Indeed, the former Alaskan governor and vice presidential candidate just might be making new law in the area of defamation. Palin's won a major victory in a decision by Judge Jed S. Rakoff, who ruled that she could go to trial o a particularly outrageous editorial by The New York Times In June 2017. The editorial suggested that she inspired or incited Jared Loughner's 2011 shooting of then-U.S. Rep. Gabrielle Giffords, D-Ariz.
The case also involves a curious twist due to the involvement of James Bennet, who resigned in the recent controversy over an editorial by Sen. Tom Cotton. I supported Bennet's decision to publish that editorial and denounced the cringing apology of the Times after a backlash.
This ruling comes after Nick Sandmann was able to survive motions to dismiss in his own defamation lawsuits and settled with various news organizations like the Washington Post over false reports of his confrontation with a Native American activist in front of the Lincoln Memorial.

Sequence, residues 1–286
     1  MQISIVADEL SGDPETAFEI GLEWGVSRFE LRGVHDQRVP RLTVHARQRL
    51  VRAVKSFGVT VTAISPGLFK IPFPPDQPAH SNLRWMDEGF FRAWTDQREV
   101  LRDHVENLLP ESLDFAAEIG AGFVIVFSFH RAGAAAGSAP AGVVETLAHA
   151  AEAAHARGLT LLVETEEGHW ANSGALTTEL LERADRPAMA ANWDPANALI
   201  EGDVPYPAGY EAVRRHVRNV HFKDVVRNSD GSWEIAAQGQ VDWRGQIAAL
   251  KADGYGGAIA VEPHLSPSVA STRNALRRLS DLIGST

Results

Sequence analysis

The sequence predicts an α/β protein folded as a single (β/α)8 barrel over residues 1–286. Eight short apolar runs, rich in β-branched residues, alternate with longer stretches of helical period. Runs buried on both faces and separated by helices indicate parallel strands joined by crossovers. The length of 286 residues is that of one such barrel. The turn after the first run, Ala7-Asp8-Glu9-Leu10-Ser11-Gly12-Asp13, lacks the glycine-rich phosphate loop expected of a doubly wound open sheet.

These actions are likely to increase as media plunges headlong into "echo journalism" where stories are framed to reaffirm the bias and expectations of their readers.
The ruling concerns an editorial by the New York Times where it sought to paint Palin and other Republicans as inciting the earlier shooting.
The editorial was on the shooting of GOP Rep. Steve Scalise and other members of Congress by James T. Hodgkinson, of Illinois, 66, a liberal activist and Sanders supporter.
The attack did not fit with a common narrative in the media on right-wing violence and the Times awkwardly sought to shift the focus back on conservatives.